Automotive SoC targets precision ultrasonic sensing

maximmaxq7667Sunnyvale, Calif. — Maxim Integrated Products has extended its MAXQ RISC microcontroller product line with the launch of the MAXQ7667 system-on-chip (SoC), mixed-signal microcontroller for ultrasonic sensor applications. A highly integrated data-acquisition system (DAS), this SoC is said to provide a cost-effective solution for applications that must measure weak signals over long distances or identify multiple targets.

The integrated functions of the MAXQ7667 allow designers to add intelligence to cost-sensitive sensor-conditioning applications, said Maxim. The SoC is optimized for automotive-sensor systems such as electronic parking assist (EPA) and park-distance control (PDC), but it is also well suited for industrial processing, automation, and handheld applications requiring position measurement.

This device integrates the main functional blocks required to accurately measure position, including burst control (pulse transmission), analog echo reception, digital signal processing, and a microcontroller. This advanced integration reduces system cost and increases sensor-mounting options, said Maxim.

The MAXQ7667, which measures 7 x 7 mm, features a programmable burst-frequency generator to compensate for transducer tolerances, adjust frequency with temperature, and perform diagnostics. Programmable burst and duty cycles can optimize power to match environmental conditions, said Maxim.

The echo receive path includes a variable gain amplifier, a 16-bit sigma-delta ADC, a digital bandpass filter to eliminate out-of-band noise (OOB), and a digital demodulator with low-pass filtering to create an echo envelope. Echo detection is supported by an interrupt-generating, 16-bit threshold detector with programmable threshold and hysteresis levels. The microcontroller can be used for additional signal processing, or it can act as the threshold detector, said Maxim.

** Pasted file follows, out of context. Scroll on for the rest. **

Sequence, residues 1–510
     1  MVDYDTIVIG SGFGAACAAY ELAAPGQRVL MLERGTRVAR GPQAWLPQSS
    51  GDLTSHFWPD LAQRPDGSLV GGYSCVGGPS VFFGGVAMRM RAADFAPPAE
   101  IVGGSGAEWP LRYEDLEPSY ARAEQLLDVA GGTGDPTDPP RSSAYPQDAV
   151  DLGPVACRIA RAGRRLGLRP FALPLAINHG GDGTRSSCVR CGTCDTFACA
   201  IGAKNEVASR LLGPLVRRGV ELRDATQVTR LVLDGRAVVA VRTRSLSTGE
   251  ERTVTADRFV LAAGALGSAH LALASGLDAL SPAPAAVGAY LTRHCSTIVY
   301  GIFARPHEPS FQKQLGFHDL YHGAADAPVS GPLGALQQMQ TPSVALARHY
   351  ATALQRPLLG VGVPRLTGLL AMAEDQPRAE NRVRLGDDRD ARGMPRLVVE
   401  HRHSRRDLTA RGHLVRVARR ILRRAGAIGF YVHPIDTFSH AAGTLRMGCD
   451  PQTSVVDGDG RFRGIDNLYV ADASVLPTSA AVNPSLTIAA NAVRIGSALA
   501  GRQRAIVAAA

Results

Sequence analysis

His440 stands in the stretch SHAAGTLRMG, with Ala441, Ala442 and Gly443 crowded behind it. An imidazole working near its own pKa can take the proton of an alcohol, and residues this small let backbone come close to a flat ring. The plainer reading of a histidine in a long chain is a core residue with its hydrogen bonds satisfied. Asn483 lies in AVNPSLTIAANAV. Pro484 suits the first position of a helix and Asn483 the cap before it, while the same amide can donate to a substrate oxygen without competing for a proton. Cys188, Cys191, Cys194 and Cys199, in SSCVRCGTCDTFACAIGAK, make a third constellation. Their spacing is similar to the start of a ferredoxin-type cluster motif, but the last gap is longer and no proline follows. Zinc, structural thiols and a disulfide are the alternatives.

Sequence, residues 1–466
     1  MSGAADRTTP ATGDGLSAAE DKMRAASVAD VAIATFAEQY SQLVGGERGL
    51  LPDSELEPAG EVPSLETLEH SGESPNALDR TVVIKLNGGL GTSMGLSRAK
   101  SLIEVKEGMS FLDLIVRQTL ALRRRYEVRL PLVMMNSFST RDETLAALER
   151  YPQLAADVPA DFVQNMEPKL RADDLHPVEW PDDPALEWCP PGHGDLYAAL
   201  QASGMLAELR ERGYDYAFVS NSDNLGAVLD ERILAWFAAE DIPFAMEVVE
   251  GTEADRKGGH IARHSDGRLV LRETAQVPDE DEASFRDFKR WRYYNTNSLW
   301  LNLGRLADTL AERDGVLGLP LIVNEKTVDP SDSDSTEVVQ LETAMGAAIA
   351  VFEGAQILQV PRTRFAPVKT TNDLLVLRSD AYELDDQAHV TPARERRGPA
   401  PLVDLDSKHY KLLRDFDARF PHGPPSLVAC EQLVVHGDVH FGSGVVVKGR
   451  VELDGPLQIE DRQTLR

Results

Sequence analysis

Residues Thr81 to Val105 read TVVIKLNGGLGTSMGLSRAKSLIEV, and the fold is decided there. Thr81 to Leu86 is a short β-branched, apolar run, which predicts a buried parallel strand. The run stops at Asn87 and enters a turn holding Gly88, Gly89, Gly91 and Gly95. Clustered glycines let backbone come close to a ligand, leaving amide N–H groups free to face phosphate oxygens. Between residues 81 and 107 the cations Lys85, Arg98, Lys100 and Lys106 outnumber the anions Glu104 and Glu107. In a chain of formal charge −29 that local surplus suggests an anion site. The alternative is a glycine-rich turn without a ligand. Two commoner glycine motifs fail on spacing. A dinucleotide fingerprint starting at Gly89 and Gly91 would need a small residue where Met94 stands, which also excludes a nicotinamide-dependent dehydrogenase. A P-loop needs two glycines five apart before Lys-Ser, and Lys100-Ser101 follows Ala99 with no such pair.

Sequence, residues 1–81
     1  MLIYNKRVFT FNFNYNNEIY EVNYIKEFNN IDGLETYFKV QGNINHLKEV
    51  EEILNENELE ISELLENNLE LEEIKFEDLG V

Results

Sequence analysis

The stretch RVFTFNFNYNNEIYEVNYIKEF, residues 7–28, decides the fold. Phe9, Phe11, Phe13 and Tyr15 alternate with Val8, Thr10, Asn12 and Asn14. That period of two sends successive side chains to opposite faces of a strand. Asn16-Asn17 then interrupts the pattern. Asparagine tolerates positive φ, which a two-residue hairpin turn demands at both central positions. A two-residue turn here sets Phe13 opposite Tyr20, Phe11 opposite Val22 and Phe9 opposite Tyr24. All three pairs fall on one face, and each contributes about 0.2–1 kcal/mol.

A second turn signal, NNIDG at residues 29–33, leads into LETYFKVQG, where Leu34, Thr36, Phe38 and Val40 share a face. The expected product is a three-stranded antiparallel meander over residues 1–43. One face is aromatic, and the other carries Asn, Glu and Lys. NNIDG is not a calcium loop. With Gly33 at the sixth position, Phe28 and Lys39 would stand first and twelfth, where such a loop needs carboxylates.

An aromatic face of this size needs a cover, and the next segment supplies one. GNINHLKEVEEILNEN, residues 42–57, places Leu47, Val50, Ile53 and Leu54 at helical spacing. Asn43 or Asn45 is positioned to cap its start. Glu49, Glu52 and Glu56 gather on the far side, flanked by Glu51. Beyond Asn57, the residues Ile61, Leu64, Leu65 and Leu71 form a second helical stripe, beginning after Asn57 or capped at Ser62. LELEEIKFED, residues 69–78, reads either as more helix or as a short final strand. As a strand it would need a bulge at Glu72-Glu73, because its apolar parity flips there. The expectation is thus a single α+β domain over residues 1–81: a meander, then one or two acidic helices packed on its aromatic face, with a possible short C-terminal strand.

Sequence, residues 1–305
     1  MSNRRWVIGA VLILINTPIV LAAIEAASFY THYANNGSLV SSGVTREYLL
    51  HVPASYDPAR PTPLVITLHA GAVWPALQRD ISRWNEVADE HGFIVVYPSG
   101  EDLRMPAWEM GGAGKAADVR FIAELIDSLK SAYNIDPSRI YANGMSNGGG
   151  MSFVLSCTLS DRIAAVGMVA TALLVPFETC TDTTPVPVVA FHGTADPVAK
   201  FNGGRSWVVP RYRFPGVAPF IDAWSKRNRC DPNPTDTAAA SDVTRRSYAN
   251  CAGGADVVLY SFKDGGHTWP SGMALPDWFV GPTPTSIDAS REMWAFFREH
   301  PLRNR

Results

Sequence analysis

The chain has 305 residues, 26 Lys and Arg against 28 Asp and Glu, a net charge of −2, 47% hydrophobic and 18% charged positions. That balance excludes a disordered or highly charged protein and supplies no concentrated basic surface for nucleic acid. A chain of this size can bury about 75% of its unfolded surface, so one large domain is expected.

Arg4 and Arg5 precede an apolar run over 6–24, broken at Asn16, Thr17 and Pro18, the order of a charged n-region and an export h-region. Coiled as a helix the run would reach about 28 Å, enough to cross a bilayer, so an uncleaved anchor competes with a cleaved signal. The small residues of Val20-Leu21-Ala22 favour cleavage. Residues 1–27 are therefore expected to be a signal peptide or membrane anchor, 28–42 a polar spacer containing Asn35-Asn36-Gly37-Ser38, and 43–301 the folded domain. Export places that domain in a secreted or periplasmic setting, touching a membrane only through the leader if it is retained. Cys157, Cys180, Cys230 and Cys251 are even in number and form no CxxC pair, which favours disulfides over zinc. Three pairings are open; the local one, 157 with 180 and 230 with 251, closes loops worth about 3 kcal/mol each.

The integrated 16-bit, 16-MIPS microcontroller supports 32 KB of flash, 4 KB of data RAM, and 8 KB of utility ROM. The microcontroller can be programmed to dynamically optimize parameters, vary threshold based on time and noise, optimize frequency to match the transducer, and adjust power and threshold based on the location of targets.

Other features include a general-purpose ADC for diagnostics and temperature measurement, a LIN-compatible UART with address capability, three general-purpose timers with interrupt capability, a system timer, general-purpose I/O pins with interrupt capability, and single-supply operation.

The MAXQ7667 is available in a 48-pin LQFP package. The operating temperature range is -40°C to +125°C.

Prices: Start at $8.00 (1000-up, FOB USA). An evaluation kit is available, which includes an evaluation board and a PC-based integrated development environment (IDE) with a debugger, assembler/linker, time-limited version of the IAR C-compiler, and simulator.
Resources: MAXQ products and MAXQ7667 datasheet.